The Lomako Forest consists of the area between the Lomako and Yekokora Rivers and consists of approximately 3800 km2 of polyspecific evergreen rain forest with some areas of dense undergrowth, permanently flooded swamps along the major rivers, and seasonally flooded swamp forest.
The Lomako Forest contains two main study sites: Iyema and N’dele. The Iyema study site is home to the Bonobo in Situ project of Linda Van Elsacker and Jef Dupain of the Royal Zoological Society of Antwerp, Belgium since 1995. This project and its researchers have always maintained close cooperative ties with the PI’s research at N’dele. Two research projects have been based at the N’dele site: The Lomako Forest Pygmy Chimpanzee project that was started in 1973 by Dr. Noel and Alison Badrian and followed in 1980 by Dr. Randall Susman, SUNY Stony Brook, USA. This site was also the base for Project Pan that was started in 1990 at Isamondje within the N’dele study area by Drs. Gottfried Hohmann and Barbara Fruth of the Max-Planck Institute, Germany who were interested in studying our already habituated bonobos and followed the Eyengo community for a while. Project Pan relocated later Lui Kotal in the Salonga National Park.
I began working with the Lomako bonobos at the N’dele study site in 1983, working first with Noel Badrian and later with Nancy Thompson-Handler and Richard Malenky. The N’dele study site, located at 0 50’ N, 21 05’ E, has a long research history on two of the communities of bonobos: the Bakumba (originally called Hedon) community and the Eyengo (Ranger) Community. In addition, we followed a temporary group of immigrating females during the 1980s. Research at the site was halted with the civil war in 1998 and I returned to the site in 2005.
The Lomako bonobo communities have varied in size over the years but at maximal size consisted of (not including infants): (1) Bakumba community (observed 1983 to 1995) 8 adult males, 1 sub-adult male, 4 juvenile males, 14 adult females, 5 adolescent females, 4 juvenile females, (2) Eyengo community (observed 1983 to 2009) 5 adult males, 3 sub-adult males, 1 juvenile male, 9 adult females, 2 adolescent females, 1 juvenile female, and (3) the splinter group (observed 1983 to 1991 at which time it integrated into the Bakumba community) 5 adult males, 1 adult female, and 4 adolescent females.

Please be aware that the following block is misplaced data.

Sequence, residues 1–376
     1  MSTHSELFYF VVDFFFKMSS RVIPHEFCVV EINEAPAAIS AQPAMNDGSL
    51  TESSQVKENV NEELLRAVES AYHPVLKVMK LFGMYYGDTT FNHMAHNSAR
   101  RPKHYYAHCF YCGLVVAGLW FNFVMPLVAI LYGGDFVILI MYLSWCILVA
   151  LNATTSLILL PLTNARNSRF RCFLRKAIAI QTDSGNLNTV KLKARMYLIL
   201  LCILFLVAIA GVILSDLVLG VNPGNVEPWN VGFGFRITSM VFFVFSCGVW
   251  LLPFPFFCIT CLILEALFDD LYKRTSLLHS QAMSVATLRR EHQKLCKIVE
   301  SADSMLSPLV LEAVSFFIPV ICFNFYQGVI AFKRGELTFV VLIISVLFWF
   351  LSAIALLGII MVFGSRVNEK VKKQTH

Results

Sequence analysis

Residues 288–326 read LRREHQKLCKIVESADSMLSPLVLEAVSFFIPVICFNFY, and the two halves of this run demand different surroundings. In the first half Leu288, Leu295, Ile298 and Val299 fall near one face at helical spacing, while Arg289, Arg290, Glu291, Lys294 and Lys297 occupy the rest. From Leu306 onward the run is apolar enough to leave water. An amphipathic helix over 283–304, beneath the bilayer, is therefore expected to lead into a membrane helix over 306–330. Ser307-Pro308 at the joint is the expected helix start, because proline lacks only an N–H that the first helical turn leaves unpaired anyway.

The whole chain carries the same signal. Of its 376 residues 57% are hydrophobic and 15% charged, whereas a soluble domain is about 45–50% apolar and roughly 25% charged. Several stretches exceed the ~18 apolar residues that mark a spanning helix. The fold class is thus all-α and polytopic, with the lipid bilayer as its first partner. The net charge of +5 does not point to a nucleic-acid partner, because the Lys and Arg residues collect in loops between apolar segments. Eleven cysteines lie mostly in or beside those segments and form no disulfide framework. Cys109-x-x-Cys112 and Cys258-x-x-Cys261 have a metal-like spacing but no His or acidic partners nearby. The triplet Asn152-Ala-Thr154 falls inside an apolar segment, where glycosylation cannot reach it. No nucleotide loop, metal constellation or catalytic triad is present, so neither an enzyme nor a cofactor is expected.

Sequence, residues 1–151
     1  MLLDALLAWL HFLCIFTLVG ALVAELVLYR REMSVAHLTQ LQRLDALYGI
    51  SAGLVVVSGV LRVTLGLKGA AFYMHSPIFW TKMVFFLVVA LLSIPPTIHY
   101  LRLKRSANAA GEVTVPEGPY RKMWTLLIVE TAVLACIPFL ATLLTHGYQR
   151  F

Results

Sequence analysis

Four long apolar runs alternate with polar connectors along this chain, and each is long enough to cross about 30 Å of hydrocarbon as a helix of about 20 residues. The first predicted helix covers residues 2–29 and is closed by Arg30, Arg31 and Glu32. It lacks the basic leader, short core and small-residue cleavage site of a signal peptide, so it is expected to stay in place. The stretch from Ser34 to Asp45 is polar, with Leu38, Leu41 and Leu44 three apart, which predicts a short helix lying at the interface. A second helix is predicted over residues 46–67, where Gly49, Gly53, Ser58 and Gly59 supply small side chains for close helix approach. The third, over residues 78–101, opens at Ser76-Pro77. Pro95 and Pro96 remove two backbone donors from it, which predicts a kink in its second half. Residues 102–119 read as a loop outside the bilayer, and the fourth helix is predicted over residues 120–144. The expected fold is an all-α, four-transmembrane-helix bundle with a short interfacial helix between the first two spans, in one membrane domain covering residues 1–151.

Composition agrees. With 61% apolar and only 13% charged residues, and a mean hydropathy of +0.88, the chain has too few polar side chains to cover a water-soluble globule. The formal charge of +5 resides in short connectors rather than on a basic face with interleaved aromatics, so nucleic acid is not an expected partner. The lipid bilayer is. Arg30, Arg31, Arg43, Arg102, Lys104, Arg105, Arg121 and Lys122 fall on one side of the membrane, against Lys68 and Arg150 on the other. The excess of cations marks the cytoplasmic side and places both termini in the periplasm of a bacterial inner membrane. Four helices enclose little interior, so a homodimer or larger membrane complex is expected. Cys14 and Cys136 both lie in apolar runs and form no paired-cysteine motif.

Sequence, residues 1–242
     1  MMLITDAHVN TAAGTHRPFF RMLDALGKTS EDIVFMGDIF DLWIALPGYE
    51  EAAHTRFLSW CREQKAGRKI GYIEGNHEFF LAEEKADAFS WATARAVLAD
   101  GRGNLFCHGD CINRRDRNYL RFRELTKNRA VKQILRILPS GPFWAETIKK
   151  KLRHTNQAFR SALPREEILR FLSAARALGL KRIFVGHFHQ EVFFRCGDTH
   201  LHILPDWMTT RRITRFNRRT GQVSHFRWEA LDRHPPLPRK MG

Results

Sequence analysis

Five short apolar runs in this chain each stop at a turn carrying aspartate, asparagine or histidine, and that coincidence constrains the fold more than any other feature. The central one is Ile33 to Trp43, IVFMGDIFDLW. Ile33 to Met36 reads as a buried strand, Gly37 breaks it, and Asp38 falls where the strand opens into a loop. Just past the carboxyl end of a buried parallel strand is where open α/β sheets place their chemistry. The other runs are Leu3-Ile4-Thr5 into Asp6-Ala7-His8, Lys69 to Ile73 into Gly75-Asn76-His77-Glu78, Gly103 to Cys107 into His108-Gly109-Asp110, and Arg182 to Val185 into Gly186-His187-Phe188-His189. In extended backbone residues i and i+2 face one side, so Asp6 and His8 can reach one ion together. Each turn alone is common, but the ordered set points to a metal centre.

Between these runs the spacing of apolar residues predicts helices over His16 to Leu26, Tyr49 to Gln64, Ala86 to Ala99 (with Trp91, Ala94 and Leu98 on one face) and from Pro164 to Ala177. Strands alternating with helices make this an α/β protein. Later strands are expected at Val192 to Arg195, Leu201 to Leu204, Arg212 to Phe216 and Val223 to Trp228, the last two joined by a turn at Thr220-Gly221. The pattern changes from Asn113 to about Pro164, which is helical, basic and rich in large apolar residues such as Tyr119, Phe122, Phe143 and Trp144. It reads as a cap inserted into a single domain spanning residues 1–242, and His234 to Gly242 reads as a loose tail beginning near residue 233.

The Lomako Forest is also home to a wide variety of animals including 9 other primates. Groups of black and white colobus, black mangabeys, red-tailed monkeys, and Wolfi’s guenon are common in the forest during the day and dwarf bushbabies and pottos at night. There are swamp monkeys and DeBrazza’s monkeys in the swamp forests along the large rivers and red colobus just up river from the N’dele camp. There are six species of duikers and lots of bush pigs in the forest, and sitatunga and chevrotain in the swamp forests. It is not unusual to see evidence of leopards and golden cat, giant pangolins diggings are everywhere and forest elephants are have returned after being driven away by hunting along the river in the 1970s.
The People of the Lomako
The Lomako Forest Bonobo Project would not exist without the support and help of the local people. We have worked closely with two families for decades. Papa Bosco (right) learned from his father, Papa Maurice, to be a shaman with unparalleled knowledge of the forests and plants and has in turn taught his sons. Likewise, Papa Terrible (left, with granddaughter) learned from his father Papa Mark, to hunt and he has passed his skills to his sons.
The guides and trackers do so much more than stop us from getting lost in the forest! We have learned so much from them on the ways of the forest, the plants, animals and especially the bonobos. Their commitment to protect the bonobos and the forest have turned away poachers and kept us safe for years. We could not continue our research without them and the people of the Lomako area; they make life in the forest a truly rewarding experience.